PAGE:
Protesters march in Bay Area for second night over Eric Garner case

ByLaura Anthony and Alan Wang KGO logo
Thursday, December 4, 2014
Oakland protesters hold noisy, peaceful protest
In Oakland protesters loudly and peacefully walked through the streets against the New York grand jury's decision in the Eric Garner case.

OAKLAND, Calif. (KGO) -- Protests were held across the nation after a New York grand jury decided not to charge a white New York City police officer in the choke hold death of a black man.

Eric Garner died after Officer Daniel Pantaleo used an unauthorized takedown move against him. Police say he was resisting arrest. The entire incident was captured on video.

People gathered Thursday evening around 5 p.m. at Frank Ogawa Plaza in Oakland for a protest which remained peaceful. They covered a lot of ground until 11 p.m. by marching all over downtown and to the Fruitvale BART Station where police shut it down as a precaution around 10 p.m. The station later reopened around 10:30 p.m.

RAW VIDEO: Protesters in Oakland march toward Superior courthouse

A crowd of about 150 swelled to more than 400 protesters at its height. They rallied at Broadway and 14th streets, stopping traffic temporarily, but the crowd dwindled after police halted them on International Boulevard at 22nd Avenue. There were some tense moments, then police opened up their lines and allowed the protesters to walk all the way to the Fruitvale BART Station where the gates were closed. Around 11 p.m., 15 protesters were still roaming the streets.

Two people were arrested Thursday night in Oakland for vandalizing a patrol car.

Wednesday night's march through the streets of Oakland went on for hours. There were no broken windows or street fires, but plenty of passion and a clear message.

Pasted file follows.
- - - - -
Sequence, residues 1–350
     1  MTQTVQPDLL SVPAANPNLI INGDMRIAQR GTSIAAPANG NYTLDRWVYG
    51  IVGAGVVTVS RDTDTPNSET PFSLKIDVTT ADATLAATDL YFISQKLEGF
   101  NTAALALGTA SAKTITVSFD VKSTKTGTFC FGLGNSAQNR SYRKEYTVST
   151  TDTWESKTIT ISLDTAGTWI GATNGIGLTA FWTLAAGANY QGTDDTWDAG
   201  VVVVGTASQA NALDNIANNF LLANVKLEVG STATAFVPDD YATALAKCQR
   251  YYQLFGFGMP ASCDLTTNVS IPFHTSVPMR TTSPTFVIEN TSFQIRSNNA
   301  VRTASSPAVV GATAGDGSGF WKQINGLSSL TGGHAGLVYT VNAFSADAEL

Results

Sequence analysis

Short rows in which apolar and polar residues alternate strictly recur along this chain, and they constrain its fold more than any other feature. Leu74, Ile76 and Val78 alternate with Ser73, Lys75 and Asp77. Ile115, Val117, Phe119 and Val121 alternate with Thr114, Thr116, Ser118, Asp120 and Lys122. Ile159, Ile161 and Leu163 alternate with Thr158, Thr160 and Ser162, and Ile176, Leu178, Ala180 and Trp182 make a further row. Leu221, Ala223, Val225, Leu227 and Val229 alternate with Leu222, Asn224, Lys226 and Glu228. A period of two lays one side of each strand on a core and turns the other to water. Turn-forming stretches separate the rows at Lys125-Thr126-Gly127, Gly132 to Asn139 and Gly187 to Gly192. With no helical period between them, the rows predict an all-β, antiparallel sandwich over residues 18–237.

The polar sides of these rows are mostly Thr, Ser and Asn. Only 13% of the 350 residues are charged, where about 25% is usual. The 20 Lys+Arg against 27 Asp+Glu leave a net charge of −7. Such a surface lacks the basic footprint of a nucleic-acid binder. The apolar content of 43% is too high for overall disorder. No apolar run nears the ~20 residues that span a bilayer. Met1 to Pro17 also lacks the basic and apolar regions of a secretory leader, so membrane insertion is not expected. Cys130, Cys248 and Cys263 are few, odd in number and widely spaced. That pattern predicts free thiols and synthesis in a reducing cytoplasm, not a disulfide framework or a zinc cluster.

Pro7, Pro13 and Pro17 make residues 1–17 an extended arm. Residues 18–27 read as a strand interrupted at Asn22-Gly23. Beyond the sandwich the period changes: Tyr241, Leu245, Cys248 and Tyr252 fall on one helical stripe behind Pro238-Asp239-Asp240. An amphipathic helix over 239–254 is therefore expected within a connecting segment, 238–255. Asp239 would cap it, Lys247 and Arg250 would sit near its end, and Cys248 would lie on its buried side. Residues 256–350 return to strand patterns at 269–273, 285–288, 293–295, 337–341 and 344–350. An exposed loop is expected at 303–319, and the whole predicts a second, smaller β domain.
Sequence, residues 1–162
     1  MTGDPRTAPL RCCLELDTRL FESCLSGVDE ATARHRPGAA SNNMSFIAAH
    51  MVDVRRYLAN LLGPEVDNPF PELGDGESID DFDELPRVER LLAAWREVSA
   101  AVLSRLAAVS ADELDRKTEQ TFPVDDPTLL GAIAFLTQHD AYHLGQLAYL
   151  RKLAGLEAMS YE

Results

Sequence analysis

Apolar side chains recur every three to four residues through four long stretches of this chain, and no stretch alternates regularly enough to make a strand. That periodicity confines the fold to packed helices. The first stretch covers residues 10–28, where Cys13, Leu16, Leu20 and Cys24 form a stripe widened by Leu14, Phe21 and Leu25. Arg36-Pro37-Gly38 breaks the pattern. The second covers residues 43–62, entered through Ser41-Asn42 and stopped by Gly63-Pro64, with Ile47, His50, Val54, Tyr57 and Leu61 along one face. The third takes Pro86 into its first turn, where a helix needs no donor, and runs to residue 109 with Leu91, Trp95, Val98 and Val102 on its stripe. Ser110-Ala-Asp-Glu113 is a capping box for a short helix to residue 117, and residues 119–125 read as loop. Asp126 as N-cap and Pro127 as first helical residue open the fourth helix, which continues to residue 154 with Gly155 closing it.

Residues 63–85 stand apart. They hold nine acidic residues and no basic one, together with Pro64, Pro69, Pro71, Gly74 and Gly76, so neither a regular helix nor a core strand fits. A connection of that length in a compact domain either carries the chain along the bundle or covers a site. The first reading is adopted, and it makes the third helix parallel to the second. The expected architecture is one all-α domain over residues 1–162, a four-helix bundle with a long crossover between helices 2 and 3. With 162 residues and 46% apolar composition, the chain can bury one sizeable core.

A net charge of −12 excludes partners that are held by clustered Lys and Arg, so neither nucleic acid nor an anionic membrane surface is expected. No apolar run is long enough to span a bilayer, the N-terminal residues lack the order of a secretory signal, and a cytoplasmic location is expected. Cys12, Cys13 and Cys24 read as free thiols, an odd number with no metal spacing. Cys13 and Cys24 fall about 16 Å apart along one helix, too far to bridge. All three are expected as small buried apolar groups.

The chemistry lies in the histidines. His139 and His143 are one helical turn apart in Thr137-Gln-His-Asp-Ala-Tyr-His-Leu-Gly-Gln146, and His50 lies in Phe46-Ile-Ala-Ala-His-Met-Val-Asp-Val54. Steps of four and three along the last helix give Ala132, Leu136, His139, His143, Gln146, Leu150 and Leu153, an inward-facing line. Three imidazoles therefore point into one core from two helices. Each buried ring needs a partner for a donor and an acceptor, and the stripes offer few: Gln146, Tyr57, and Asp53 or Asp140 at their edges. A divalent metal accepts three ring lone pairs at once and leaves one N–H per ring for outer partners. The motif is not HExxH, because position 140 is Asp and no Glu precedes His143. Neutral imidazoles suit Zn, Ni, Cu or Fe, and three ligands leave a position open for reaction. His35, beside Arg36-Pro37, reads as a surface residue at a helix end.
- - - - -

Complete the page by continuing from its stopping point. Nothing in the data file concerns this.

Protest organizers explain why they're energizing people to march in Oakland

D'Andre Teeter is a Bay Area leader for the Stop Mass Incarceration Network which organized Wednesday night's peaceful demonstration. He said, "I think the larger goal is actually waking people up to the horror of what's going on and I think the demonstrations of the last couple of weeks, have."

"We've done a lot of work to make sure that folks who are doing activism online also take that activism offline," Alicia Marquez of Oakland said.

Marquez is a co-founder of the Black Lives Matter movement, including the hash tag #BlackLivesMatter that's being used all over the country. She participated in last Friday's shutdown of the BART system at the West Oakland station.

"We know that the people are watching the protests from their living rooms and it's not coming into their community and we wanted to make sure that folks really felt like there's something happening in this country that we really need to deal with," Marquez said.

RAW VIDEO: Residents watch Oakland protest move down street

Jason "Shake" Anderson was an outspoken leader of the Occupy movement three years ago. He most recently ran for mayor of Oakland. Though he thinks they have some value, Anderson has not participated in any of the recent street marches.

"As far as actions go, I want to see actions like boycotts, like the Montgomery bus boycotts, I want to see actions like maybe not go to Target, may be not support certain corporations, or organizations. Like function in a way that's going to have a long-term, sustainable movement that's going to affect the systems," Anderson said.

In San Francisco Thursday night, Market Street was briefly closed at Powell Street due to a "die-in" protest and buses were rerouted around the area, according city transit officials. Market Street has cleared and traffic resumed as protesters moved out of the street.

A rally against police brutality was also held at UC Berkeley's Sproul Plaza earlier on Thursday and another demonstration is scheduled for Saturday on Telegraph Avenue.

Oakland police are preparing for more protests on Friday and Saturday.

Bay City news contributed to this report.